FCC fines man $120M for robocall spree that interfered with hospital communications network

The Federal Communications Commission has proposed a record $120 million fine against a Miami man who the FCC says violated telecommunications laws by making more than 96 million falsified robocalls.

The FCC claims Adrian Ambramovich, through his companies, used a tactic known as "neighbor spoofing," which tricks people into answering phone calls by falsifying caller ID information to make it appear calls are from local numbers, according to the report.

The FCC said Spōk, a healthcare communications solutions provider that serves hospitals, emergency rooms and physicians, complained to the commission in 2016 about robocalls that were disrupting its network. The FCC used the information provided by Spōk to trace the calls back to Mr. Ambramovich.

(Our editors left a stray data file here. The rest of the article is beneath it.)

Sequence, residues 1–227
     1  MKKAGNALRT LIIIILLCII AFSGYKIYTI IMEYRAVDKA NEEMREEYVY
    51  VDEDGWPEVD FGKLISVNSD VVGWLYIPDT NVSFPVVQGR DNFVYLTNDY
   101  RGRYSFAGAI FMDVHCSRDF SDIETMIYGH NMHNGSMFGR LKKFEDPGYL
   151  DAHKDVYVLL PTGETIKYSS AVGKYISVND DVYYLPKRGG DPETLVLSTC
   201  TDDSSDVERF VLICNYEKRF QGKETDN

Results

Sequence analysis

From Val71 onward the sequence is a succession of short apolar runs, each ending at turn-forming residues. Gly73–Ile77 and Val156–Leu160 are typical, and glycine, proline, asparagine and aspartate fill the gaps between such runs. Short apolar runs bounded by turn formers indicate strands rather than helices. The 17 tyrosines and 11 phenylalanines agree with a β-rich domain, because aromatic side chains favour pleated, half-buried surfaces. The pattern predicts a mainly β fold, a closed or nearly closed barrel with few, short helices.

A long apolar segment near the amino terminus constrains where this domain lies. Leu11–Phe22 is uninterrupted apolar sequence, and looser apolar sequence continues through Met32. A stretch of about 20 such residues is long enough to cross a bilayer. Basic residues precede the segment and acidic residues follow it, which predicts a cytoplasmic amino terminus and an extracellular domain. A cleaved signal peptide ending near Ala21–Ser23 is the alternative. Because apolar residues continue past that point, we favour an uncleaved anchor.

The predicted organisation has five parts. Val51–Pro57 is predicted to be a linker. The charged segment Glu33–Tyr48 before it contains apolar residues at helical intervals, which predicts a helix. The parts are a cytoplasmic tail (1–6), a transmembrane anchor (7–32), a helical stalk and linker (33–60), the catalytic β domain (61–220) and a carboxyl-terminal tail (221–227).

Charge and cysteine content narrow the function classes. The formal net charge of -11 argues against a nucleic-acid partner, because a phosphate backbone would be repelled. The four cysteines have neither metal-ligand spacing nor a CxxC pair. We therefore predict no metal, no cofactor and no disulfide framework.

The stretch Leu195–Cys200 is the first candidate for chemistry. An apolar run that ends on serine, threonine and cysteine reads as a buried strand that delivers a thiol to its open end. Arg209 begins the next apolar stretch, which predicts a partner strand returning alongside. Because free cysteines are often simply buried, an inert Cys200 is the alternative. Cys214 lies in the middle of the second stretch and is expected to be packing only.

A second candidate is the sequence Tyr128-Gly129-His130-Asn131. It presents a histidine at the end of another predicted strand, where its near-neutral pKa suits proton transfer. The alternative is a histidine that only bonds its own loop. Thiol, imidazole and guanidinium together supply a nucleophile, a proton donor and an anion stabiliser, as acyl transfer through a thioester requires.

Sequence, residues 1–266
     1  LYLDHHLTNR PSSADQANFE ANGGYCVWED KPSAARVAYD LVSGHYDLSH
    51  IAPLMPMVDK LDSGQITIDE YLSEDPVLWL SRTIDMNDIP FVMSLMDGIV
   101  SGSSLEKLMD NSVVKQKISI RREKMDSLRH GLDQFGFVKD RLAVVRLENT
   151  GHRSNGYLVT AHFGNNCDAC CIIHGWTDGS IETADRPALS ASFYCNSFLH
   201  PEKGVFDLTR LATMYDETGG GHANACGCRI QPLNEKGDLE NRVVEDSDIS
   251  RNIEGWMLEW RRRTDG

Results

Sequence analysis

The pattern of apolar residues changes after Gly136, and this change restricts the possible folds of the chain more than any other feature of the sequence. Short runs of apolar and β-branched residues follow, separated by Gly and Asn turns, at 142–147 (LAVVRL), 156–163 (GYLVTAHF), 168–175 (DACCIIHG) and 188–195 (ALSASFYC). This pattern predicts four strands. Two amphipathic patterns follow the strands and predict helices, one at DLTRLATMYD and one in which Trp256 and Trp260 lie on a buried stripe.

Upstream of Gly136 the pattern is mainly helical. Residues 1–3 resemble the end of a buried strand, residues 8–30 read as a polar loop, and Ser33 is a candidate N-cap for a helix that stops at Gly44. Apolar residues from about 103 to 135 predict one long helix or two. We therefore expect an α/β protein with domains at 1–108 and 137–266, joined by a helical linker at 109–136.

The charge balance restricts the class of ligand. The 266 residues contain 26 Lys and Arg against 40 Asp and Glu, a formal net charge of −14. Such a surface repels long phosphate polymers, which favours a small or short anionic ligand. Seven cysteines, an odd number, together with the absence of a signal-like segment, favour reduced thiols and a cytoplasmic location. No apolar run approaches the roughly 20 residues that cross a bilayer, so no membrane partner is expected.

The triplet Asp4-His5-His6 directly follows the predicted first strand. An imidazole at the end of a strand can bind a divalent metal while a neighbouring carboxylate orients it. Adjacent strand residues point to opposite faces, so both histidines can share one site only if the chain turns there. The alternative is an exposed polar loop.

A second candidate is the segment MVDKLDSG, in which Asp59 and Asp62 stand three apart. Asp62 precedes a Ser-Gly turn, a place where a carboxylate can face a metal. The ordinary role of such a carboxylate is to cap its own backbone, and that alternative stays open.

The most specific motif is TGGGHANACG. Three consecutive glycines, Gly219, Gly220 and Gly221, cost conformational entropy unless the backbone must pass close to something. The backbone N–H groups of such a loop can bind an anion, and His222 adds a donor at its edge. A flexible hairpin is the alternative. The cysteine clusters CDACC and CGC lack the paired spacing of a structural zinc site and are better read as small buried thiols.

Neighbor spoofing is only illegal if used to defraud or cause harm to others, which is what the FCC contends Mr. Ambramovich did.

Mr. Ambramovich is accused of using the spoofing technique to offer consumers vacation deals from well-known companies such as Marriott International and Expedia. The consumers were ultimately connected to foreign call centers where salespeople pushed travel deals that were not affiliated with the well-known brands mentioned on the pre-recorded message at the start of the call.

Mr. Ambramovich has 30 days to respond to the FCC's proposal. Any fine will be issued after the commission considers his response.

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